While the Mets made an improbable comeback to defeat the Minnesota Twins, 3-2, in 12 innings on Sunday night, the team’s starting rotation suffered a majored blow earlier in the day.
General manager Sandy Alderson told reporters that right-hander Jacob deGrom will miss the rest of the season with a pinched ulnar nerve in his right elbow. DeGrom was originally set to return on Sunday from forearm tightness that sidelined him since September 2 after three straight disastrous starts.
“Jake just had issues with the ulnar nerve in his right elbow, not unusual following Tommy John surgery,” Alderson said. “He threw BP [batting practice] yesterday, felt great, shagged in the outfield, threw the ball and had some pain. Unlikely to pitch tomorrow and the rest of season. We will see. It’s likely to require surgical repair, not significant procedure, as far as a risk going forward.”
BREAKING: Mets pitcher Jacob deGrom is likely done for the season after being scratched from his start Sunday. pic.twitter.com/I66TJDOkls
— SportsCenter (@SportsCenter) September 17, 2016
DeGrom, 28, was shut down after three consecutive subpar performances from August 18 through September 1. In those three starts, deGrom threw 14-and-two-thirds innings while allowing 16 earned runs, 21 hits, and seven walks. He lost all three starts.
Despite those outings, deGrom’s overall line on the season (7-8, 3.04 ERA) was solid and leading a wounded Mets rotation. The 2014 National League Rookie of the Year threw a bullpen on Friday and all indications were that it went well. However, he felt discomfort while trying to lob a baseball into a bucket during batting practice.
“It’s started with numbness in pinky and ring finger, then later pain in the elbow,” deGrom said. “Doctor said ligament looked great. I told them the symptoms. Did tests for ligaments… They said it sounds like the nerve… Scar tissue can build up after Tommy John and pinch that nerve.”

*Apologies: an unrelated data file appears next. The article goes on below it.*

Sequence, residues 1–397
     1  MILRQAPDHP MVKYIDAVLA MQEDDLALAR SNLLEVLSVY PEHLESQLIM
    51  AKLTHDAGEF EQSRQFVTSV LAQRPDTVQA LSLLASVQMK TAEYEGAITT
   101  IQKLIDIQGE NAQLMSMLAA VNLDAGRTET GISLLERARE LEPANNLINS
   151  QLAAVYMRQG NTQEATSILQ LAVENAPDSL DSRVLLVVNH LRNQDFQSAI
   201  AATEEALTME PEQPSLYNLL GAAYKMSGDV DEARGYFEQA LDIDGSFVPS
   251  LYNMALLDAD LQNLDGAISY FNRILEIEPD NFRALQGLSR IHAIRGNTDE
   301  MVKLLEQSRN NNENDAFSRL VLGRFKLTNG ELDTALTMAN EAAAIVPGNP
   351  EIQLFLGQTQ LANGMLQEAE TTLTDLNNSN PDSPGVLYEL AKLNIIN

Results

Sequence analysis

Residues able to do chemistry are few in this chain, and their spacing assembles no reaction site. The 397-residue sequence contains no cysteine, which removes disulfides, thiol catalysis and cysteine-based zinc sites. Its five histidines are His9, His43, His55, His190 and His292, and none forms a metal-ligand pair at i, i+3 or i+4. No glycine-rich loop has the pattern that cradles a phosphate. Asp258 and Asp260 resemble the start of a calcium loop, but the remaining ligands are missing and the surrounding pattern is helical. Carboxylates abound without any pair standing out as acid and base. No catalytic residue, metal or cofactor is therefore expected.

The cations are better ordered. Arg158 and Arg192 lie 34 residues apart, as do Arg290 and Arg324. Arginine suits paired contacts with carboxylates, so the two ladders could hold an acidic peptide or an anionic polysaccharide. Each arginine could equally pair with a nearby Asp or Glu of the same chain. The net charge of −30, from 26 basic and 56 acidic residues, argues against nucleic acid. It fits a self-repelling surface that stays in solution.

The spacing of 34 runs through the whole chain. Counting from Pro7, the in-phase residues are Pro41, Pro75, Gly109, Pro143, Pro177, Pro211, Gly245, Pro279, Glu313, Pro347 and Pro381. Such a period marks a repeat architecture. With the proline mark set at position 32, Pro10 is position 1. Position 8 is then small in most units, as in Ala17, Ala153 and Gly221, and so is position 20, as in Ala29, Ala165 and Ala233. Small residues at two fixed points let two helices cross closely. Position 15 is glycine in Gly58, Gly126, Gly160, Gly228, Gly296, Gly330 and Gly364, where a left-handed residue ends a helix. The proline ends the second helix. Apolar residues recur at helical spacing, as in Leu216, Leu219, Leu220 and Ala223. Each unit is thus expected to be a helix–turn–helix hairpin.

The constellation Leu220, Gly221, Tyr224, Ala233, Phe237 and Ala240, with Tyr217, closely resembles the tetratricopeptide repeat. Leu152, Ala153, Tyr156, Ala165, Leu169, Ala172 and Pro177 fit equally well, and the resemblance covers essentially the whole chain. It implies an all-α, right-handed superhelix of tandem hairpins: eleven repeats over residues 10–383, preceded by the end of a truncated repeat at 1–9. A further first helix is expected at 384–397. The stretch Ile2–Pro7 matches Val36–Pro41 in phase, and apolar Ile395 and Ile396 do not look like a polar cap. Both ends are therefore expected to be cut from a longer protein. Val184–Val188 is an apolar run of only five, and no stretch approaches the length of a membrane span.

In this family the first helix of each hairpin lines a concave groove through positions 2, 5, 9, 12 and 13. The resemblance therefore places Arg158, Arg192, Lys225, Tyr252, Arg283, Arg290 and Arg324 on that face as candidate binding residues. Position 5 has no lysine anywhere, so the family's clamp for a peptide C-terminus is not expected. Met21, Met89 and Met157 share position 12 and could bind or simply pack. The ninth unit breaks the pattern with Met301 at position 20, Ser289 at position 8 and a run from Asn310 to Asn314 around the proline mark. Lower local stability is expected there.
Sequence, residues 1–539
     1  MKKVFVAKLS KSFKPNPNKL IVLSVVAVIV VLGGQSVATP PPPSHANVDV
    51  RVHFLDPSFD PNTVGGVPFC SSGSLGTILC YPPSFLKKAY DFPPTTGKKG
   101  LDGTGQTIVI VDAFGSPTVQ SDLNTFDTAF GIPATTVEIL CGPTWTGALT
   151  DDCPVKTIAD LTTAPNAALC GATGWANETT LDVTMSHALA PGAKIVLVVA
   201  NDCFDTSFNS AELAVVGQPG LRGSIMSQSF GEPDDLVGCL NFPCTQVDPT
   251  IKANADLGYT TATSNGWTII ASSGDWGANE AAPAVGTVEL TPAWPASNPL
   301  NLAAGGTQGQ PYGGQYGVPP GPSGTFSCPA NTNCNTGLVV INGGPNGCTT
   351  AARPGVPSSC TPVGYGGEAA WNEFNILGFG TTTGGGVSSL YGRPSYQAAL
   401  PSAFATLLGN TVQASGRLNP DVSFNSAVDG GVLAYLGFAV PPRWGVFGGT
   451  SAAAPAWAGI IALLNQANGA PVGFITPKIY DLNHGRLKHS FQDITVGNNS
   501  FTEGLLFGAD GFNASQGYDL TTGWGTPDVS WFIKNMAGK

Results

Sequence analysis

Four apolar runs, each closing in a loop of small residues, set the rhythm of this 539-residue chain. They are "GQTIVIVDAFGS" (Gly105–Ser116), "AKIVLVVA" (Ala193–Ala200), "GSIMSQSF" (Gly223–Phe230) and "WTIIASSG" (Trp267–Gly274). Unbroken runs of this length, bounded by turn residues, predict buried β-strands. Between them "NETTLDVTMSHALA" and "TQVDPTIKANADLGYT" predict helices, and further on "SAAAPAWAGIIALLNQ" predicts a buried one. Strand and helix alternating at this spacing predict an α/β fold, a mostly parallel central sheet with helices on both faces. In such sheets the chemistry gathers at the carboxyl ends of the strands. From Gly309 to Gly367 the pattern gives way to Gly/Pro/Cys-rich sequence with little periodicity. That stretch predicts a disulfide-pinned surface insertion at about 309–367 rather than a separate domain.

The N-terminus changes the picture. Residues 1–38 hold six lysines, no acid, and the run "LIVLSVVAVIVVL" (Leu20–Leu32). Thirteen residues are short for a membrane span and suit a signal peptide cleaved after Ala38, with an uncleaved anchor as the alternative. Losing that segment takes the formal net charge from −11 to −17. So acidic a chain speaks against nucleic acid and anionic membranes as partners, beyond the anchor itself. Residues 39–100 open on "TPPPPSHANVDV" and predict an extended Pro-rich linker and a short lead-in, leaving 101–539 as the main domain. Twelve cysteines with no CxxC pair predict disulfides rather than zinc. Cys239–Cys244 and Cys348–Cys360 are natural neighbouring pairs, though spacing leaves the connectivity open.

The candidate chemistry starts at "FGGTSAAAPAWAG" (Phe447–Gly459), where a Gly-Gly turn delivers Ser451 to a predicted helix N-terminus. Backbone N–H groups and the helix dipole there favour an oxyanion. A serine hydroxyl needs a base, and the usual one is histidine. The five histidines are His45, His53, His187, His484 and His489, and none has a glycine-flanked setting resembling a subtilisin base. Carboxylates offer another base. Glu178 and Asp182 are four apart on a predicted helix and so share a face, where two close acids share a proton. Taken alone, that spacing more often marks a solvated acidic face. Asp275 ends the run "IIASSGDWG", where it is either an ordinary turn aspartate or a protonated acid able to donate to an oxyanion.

One man who was looking forward to deGrom’s return was manager Terry Collins. Frequently relying on his bullpen and youngsters was nerve wracking and penciling deGrom’s name into the lineup was welcomed sight.
“I actually watched Jake’s bullpen yesterday and it was outstanding,” Collins said. “Fifteen minutes later he said ‘I can’t pitch.'”
Losing deGrom is a huge blow to a Mets team that’s already without Matt Harvey (Thoracic Outlet Syndrome), Steven Matz (elbow), and Zach Wheeler (strained flexor tendon). Noah Syndergaard has been pitching with a bone spur in his right elbow which will likely require offseason surgery. The rash of injuries has forced the Mets to rely on call-ups such as Seth Lugo, Robert Gsellman, and Gabriel Ynoa.
The estimated recovery time for deGrom is three to six months, putting him well on schedule to be ready for Spring Training next season. In the interim, the Mets will be forced to rely on Syndergaard, the 43-year-old Bartolo Colon — who made the NL All-Star team and sports a 14-7 record with 3.14 ERA — and a fleet of unproven rookies to carry them into the postseason.
Meet The Matz
Steven Matz, who has been on the disabled list with a shoulder impingement affecting his rotator cuff will likely be back in New York this week, ESPN New York’s Adam Rubin reports. The team believes that Matz has a chance to pitch next week.
The left-hander, who owns a 9-8 record with a 3.40 ERA in 22 starts, last pitched on August 14 versus the San Diego Padres. The Long Island, New York, native one-hit the Friars in seven-and-one-innings of work, throwing 105 pitches in the process.
First baseman Lucas Duda was activated off the disabled list on Saturday with the expectation of being a potent, left-handed bench option. However, the slugging first baseman is in the Mets’ lineup, batting seventh, versus Minnesota on Sunday afternoon.
— Anthony DiComo (@AnthonyDiComo) September 16, 2016
Duda, 30, has been sidelined since late May with a stress fracture in his lower back. He slashed.231/.297/.431 with seven home runs and 19 runs batted in through 39 games. The serious injury partnered with his subpar performance makes Duda a potential non-tender candidate this offseason.
James Loney, who saw most of the playing time at first base after Duda’s injury slashed.263/.309/.381 with seven HRs and 29 RBIs in 90 games.
Rubin also reported that Wilmer Flores, whose wrist has prevented him from swinging a bat for nine days, could not swing a bat on Sunday. He initially injured the wrist in a home-plate collision in Atlanta. He received a cortisone injection on Thursday.
Flores was hitting.267/.319/.469 with 16 HRs and 49 RBIs in 103 games before the injury.
[Featured Photo by Jim McIsaac/Getty Images]